Sherryl and Terry Storrier in Canberra.
Sherryl and Terry Storrier in Canberra. Kym Smith, News Corp Australia

Couple lose $6500 in hotels after Qantas shifts flight

QANTAS moved this couple to an earlier flight for no good reason and without telling them. As a result they lost $6500 worth of accommodation but both the airline and travel insurer wouldn't compensate. Then we got involved.

In December 2015 Sherryl and Terry Storrier bought Qantas flights from Sydney to Lord Howe Island departing November 14, 2016 at 11.40am. At 6am that day they left their home at Crookwell and arrived at Sydney Airport at 10am only to be told they had been moved forward to the 7am flight, which had already taken off.

Qantas originally told me it had notified the Storriers of the move, then said it didn't have their contact details. But later, after being shown it did have their phone numbers and email addresses, it admitted it hadn't notified them.


Blainey Woodham

Asked why it moved the Storriers to the earlier flight, the airline said it was due to "load restrictions" and weather, although the 11.40am flight landed at Lord Howe.

But the flight the Storriers were put on did not and ended up at Coffs Harbour. A further attempt to reach the island also failed.

Qantas refunded the cost of the flights but in January rejected the Storriers' claim for the $6500 worth of accommodation they had paid for. The couple only sought compensation after their travel insurer, InsureandGo, said it wouldn't pay (think twice about using them).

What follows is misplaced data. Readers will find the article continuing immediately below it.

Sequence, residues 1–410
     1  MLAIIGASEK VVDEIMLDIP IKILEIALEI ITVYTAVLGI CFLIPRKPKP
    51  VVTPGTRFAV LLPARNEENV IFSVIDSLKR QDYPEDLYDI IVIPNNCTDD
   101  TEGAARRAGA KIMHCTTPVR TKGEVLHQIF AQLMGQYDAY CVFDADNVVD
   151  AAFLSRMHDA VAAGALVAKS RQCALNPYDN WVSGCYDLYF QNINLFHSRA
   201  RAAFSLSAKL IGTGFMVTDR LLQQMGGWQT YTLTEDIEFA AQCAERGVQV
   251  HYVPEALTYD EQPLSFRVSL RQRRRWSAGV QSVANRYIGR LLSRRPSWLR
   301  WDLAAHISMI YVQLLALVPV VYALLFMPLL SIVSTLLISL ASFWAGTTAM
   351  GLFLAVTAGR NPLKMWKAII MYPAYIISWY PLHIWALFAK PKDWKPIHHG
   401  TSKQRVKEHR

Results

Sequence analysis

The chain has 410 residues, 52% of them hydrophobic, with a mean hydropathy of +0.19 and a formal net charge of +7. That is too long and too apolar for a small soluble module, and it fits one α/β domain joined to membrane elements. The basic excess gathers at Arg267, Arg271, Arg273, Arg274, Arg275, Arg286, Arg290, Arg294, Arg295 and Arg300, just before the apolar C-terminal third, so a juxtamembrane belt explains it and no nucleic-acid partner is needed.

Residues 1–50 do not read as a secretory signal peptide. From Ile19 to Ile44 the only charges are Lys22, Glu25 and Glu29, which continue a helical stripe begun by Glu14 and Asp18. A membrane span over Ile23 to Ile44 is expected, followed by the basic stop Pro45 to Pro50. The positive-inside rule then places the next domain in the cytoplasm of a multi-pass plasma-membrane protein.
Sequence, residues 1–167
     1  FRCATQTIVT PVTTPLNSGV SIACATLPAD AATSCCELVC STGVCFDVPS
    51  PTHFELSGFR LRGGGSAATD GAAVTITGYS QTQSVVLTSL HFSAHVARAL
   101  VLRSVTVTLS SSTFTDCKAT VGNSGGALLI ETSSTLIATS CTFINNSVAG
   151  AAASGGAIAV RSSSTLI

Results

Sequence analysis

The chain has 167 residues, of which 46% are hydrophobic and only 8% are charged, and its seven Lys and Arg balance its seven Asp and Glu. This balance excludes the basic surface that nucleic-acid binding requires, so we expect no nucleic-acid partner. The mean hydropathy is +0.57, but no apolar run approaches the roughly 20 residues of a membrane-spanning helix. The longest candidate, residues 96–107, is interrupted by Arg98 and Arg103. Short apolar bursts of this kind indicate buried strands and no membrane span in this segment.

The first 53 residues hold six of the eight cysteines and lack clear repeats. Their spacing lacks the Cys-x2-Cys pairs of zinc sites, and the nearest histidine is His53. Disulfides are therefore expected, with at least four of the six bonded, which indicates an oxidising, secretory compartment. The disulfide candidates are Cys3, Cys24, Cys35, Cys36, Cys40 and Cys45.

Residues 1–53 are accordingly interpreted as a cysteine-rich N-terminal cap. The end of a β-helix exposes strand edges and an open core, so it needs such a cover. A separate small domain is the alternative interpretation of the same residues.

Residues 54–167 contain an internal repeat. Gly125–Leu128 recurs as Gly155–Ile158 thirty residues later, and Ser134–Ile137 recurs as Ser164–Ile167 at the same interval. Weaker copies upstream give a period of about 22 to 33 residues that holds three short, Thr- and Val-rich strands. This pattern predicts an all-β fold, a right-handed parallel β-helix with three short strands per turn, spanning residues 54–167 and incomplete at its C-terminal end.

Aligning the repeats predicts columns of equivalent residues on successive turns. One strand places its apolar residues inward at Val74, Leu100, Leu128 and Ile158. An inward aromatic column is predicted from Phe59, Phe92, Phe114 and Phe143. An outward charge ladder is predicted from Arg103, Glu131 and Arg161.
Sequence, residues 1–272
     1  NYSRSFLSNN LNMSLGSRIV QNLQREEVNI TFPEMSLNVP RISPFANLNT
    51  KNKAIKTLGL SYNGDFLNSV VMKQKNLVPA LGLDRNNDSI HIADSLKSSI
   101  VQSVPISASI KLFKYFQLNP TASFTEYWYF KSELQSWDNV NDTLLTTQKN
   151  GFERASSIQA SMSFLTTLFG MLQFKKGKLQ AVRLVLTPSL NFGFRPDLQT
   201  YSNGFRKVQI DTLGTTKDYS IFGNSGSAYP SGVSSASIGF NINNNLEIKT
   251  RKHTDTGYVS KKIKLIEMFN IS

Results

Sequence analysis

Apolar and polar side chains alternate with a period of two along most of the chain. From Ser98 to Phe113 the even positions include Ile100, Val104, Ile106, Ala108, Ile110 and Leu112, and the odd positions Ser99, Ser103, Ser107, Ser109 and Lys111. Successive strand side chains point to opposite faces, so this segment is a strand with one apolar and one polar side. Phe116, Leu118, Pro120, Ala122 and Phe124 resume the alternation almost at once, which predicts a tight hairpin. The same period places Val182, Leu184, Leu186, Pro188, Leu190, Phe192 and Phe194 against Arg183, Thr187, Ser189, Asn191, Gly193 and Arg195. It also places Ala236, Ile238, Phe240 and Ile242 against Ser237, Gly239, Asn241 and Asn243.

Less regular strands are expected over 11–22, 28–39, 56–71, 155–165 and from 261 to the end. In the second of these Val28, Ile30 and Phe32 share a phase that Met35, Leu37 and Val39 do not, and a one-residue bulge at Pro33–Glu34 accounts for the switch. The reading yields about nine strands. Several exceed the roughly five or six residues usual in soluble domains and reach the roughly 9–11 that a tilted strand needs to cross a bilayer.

"If we had been on that original flight we would have had a holiday," Mrs Storrier told me. "We weren't and we've lost our money."

Qantas yesterday said it was in "ongoing conversations to resolve the situation". It wasn't, until the matter was raised by The Daily Telegraph.

There is still no valid explanation for Qantas moving the Storriers from their original flight. Mrs Storrier said the airline told her it was because "certain people have a priority over other passengers and can be given seats on flights depending on their level of Frequent Flyer membership".

If that is true, it is most disturbing. Qantas ignored questions on this.


Consumer group Choice lodged a "super complaint" about airlines with the Australian Competition and Consumer Commission in December.

Choice said the could use its information gathering powers to lift the lid on the effectiveness of airline internal complaints handling processes and the appropriateness of remedies provided to consumers due to airline failures.

Choice also said the ACCC needed to reflect on its own lack of action.

In my opinion, you would not be reading about the Storriers if Qantas thought the ACCC was on its tail.

The Australian Consumer Law is quite clear: the couple deserves compensation.

Under the ACL, when a supplier fails to use "due care and skill" a consumer may seek "compensation from the supplier for any consequential or associated loss or damage resulting from failure to meet the consumer guarantees".

Late yesterday InsureandGo rang the Storriers to say it had reviewed the claim and would pay in full.

"Thank you," Mrs Storrier said, "although we think the airline should have paid. Qantas was definitely in the wrong".

Qantas recorded an underlying profit of $1.53 billion in 2015-16, up 57 per cent on the previous year. Its share price has tripled in the past three years

News Corp Australia

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